Historical Fiction: Remembering World War I

Next July is the centennial anniversary of the Great War’s beginning and an increasing number of new historical novels are set in this time period. These are a few of our favorites from 2013.

Daughters of Mars by Keneally in Library catalog      Cartographer of No Man's Land by Duffy      The First of July by Speller      Letters from Skye by Brockmole      Stella Bain by Shreve

Like in most novels, characters in war stories come from all walks of life in order to portray the wide-ranging influence such conflicts produce. Love stories, epistolary tales, soldiers’ bitter and heroic experiences and the stories of medics’ bravery combine to serve as conduits of historical experience for the reader. A common character in World War I fiction is a nurse or an ambulance driver, as witnessed by the long-running popular mystery series featuring Bess Crawford, written by Charles Todd (the most recent entry is A Question of Honor) and the post-war detective, Maisie Dobbs, introduced ten years ago by Jacqueline Winspear. (The series opener is entitled Maisie Dobbs.) In Thomas Keneally’s new novel, The Daughters of Mars, two sister nurses from Australia join the war effort and their adventures and experiences treating horrific wounds bespeak the war’s heavy psychological toll.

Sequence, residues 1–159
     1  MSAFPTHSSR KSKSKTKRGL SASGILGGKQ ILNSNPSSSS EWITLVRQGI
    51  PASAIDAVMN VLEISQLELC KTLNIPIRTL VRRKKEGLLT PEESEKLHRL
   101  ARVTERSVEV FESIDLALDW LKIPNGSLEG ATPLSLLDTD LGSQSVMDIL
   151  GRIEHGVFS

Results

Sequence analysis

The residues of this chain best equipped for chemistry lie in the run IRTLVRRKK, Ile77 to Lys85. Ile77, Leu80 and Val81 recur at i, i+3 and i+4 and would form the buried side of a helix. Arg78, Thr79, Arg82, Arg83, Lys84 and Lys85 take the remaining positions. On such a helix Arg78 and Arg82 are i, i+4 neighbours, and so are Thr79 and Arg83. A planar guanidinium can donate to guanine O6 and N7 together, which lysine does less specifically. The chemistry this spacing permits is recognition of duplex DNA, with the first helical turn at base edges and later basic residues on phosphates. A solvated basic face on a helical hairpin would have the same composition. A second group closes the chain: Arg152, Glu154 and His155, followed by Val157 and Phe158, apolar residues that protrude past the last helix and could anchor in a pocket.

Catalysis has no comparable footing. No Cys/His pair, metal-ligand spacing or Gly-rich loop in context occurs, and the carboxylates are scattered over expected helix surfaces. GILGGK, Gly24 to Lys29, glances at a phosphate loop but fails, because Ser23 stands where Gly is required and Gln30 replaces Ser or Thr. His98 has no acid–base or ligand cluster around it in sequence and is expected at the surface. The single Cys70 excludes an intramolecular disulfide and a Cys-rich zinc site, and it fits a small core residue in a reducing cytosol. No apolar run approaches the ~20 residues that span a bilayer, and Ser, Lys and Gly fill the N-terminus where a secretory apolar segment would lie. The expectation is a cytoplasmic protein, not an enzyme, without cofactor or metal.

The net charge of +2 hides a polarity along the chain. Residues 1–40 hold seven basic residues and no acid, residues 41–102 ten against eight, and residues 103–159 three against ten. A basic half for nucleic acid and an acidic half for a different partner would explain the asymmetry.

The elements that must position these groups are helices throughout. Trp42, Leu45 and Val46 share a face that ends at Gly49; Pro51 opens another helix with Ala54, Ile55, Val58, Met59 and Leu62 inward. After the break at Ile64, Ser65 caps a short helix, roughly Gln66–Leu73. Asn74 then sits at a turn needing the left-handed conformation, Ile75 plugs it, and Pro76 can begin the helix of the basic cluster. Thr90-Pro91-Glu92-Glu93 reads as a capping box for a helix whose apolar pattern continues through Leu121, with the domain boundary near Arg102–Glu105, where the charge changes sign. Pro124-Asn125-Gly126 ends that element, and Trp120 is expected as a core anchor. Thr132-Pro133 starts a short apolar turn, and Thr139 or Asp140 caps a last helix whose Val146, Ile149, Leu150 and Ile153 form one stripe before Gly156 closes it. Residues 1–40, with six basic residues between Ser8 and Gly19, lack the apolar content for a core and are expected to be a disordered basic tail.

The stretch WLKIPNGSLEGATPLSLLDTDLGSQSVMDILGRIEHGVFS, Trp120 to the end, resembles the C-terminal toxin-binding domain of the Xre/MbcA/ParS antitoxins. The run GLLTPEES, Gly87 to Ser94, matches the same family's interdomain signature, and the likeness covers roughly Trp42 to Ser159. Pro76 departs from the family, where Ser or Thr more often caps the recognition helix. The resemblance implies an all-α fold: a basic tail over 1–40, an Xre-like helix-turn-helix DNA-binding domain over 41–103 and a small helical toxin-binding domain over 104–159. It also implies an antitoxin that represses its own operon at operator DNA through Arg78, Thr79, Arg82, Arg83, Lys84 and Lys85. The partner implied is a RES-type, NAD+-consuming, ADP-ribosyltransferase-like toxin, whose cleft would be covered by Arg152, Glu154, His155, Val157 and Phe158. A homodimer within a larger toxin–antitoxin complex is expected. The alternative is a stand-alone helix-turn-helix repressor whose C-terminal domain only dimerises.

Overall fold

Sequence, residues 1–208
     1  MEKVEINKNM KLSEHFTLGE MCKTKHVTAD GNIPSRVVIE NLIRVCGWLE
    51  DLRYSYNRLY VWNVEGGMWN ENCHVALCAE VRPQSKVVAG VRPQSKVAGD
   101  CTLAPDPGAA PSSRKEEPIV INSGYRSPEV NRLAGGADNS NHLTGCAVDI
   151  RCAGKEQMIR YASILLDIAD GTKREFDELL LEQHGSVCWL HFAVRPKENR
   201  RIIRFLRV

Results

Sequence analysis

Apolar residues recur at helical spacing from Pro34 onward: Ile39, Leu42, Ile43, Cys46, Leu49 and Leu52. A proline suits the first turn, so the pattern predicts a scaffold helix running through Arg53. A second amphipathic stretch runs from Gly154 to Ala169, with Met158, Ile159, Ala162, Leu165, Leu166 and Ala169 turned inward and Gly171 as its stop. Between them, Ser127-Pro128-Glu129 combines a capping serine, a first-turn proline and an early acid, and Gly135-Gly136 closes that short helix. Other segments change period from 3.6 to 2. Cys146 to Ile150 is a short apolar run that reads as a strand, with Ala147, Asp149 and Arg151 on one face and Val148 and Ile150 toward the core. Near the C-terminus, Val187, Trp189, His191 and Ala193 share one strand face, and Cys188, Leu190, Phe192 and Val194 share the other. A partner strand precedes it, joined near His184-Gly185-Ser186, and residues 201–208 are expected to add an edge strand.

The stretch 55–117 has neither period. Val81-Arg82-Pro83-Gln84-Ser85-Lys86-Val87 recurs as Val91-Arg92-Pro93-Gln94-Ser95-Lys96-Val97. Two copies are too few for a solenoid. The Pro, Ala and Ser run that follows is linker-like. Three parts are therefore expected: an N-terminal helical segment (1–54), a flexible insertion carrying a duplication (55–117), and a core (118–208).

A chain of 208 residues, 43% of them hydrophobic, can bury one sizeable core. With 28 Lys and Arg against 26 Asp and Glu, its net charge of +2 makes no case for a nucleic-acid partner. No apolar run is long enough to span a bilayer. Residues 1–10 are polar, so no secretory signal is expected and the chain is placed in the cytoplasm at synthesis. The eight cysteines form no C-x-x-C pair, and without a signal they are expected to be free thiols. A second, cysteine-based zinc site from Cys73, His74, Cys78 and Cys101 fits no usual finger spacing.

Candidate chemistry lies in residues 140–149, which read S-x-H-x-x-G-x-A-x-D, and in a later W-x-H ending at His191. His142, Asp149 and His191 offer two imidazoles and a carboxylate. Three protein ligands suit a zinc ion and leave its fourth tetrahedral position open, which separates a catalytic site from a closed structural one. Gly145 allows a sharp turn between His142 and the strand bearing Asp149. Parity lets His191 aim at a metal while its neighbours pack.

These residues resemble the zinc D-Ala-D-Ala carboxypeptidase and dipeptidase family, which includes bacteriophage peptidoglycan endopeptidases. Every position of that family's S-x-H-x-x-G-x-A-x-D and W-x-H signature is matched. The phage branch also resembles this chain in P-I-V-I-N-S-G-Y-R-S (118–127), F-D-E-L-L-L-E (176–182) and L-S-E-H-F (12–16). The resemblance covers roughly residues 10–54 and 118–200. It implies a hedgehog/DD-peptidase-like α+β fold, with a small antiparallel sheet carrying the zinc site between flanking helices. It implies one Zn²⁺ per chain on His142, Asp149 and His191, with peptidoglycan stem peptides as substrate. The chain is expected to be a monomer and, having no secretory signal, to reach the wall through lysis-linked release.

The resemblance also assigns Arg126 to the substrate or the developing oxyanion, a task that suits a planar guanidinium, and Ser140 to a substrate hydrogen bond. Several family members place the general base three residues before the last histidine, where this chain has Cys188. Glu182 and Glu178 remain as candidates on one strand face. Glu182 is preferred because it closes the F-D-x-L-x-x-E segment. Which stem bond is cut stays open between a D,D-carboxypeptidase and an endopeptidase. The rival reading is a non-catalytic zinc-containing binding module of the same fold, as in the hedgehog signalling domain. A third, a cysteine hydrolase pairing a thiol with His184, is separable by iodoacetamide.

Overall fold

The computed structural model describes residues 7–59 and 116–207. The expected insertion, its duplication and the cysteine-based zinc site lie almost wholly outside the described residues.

In The Cartographer of No Man’s Land by P. S. Duffy, Angus, a pacifist, enlists in order to help find his brother-in-law missing at the Front, having been assured of a cartographer’s position in London. Assigned instead to map the trenches of France, he experiences the horrors of battle and scenes that will haunt him forever. Rivaling Jeff Shaara’s war novels with her riveting, graphic depiction of trench warfare and the confusion of capricious fate during battle, Elizabeth Speller’s The First of July (coming out in November 2013) is the story of four vastly different men completely changed by their combat experiences.

The families of these soldiers, nurses, medics and others who work at war serve in an equally large variety of supporting roles as seen in the family dramas like the PBS television series, “Downton Abbey” and the many novels with similar stories such as Benedict Hall by Cate Campbell and Ashton Park by Murray Pura.

For readers who enjoy stories told in letters, Jessica Brockmole’s Letters from Skye portrays a moving love story that begins in World War I and stretches to the 1940s and World War II. Similarly moving is Stella Bain, a new book by Anita Shreve that tells the story of a physician and his wife who take in an amnesiac nurse’s adie wounded in the war.

Other historical novels set during the World War I era are listed here:
Historical Fiction: World War I Novels

This entry was posted in BOOKS, Fiction, Historical Fiction and tagged , , , . Bookmark the permalink.

2 Responses to Historical Fiction: Remembering World War I

  1. John Sheets says:

    I think the Pat Barker trilogy (Regeneration, Eye in the Door, Ghost Road) are really the best novels about this terrible war…

    • Jen says:

      Thanks for mentioning one of the great older historical fiction trilogies about the Great War. You’re right, Barker is fabulous!

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